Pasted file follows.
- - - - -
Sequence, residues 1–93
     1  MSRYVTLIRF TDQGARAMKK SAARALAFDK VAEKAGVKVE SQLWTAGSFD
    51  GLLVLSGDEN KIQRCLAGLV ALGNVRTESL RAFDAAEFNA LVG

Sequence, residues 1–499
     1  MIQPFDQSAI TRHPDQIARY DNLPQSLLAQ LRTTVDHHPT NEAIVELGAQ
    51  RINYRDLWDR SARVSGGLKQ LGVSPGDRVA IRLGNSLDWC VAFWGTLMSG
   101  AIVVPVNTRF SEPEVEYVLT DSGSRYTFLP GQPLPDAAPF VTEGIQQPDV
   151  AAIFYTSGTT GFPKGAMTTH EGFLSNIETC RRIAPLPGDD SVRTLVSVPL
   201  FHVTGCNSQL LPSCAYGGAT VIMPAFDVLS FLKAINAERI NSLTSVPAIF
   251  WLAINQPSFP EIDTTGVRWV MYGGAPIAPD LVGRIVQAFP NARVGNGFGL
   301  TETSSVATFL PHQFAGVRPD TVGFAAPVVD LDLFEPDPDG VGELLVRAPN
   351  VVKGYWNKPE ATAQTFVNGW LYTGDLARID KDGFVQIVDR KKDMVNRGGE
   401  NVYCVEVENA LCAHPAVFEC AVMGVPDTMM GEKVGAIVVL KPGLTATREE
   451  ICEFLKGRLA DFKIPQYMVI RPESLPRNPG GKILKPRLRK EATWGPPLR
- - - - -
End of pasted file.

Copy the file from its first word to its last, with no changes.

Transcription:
Sequence, residues 1–93
     1  MSRYVTLIRF TDQGARAMKK SAARALAFDK VAEKAGVKVE SQLWTAGSFD
    51  GLLVLSGDEN KIQRCLAGLV ALGNVRTESL RAFDAAEFNA LVG

Sequence, residues 1–499
     1  MIQPFDQSAI TRHPDQIARY DNLPQSLLAQ LRTTVDHHPT NEAIVELGAQ
    51  RINYRDLWDR SARVSGGLKQ LGVSPGDRVA IRLGNSLDWC VAFWGTLMSG
   101  AIVVPVNTRF SEPEVEYVLT DSGSRYTFLP GQPLPDAAPF VTEGIQQPDV
   151  AAIFYTSGTT GFPKGAMTTH EGFLSNIETC RRIAPLPGDD SVRTLVSVPL
   201  FHVTGCNSQL LPSCAYGGAT VIMPAFDVLS FLKAINAERI NSLTSVPAIF
   251  WLAINQPSFP EIDTTGVRWV MYGGAPIAPD LVGRIVQAFP NARVGNGFGL
   301  TETSSVATFL PHQFAGVRPD TVGFAAPVVD LDLFEPDPDG VGELLVRAPN
   351  VVKGYWNKPE ATAQTFVNGW LYTGDLARID KDGFVQIVDR KKDMVNRGGE
   401  NVYCVEVENA LCAHPAVFEC AVMGVPDTMM GEKVGAIVVL KPGLTATREE
   451  ICEFLKGRLA DFKIPQYMVI RPESLPRNPG GKILKPRLRK EATWGPPLR